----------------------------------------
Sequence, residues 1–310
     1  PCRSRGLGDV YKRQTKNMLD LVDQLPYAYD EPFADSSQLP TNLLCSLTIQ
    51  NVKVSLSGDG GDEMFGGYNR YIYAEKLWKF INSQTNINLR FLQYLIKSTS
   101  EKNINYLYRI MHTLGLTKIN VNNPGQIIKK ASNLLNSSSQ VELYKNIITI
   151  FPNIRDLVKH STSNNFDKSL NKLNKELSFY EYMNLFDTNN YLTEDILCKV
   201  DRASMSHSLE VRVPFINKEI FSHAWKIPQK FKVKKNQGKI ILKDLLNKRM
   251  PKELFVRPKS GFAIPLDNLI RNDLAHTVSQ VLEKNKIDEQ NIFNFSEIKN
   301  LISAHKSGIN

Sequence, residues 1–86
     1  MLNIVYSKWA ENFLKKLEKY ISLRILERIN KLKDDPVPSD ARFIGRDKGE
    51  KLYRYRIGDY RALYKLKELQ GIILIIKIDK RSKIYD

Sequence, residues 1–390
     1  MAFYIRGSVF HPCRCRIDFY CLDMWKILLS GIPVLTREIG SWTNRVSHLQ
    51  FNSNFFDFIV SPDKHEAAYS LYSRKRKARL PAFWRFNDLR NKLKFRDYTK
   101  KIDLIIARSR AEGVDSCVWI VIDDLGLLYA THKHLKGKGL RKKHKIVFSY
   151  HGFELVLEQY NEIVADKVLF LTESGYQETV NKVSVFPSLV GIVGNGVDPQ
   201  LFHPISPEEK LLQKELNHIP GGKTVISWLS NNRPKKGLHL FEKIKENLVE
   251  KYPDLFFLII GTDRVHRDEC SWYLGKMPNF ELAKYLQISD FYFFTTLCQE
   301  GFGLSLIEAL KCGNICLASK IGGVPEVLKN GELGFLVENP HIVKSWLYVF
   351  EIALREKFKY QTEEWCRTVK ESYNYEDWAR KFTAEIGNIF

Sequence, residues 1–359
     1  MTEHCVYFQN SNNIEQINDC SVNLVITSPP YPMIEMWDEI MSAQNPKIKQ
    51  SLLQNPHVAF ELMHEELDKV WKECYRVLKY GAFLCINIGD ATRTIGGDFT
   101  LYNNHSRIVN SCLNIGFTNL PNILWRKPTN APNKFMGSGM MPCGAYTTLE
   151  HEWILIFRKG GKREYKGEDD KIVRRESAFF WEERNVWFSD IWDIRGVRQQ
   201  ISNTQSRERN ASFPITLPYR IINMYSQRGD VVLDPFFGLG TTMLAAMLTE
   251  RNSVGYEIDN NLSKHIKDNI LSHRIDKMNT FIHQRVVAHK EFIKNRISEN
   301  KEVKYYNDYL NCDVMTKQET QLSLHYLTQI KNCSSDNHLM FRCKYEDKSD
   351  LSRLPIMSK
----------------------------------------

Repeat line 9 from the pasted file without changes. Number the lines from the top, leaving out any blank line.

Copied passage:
Sequence, residues 1–86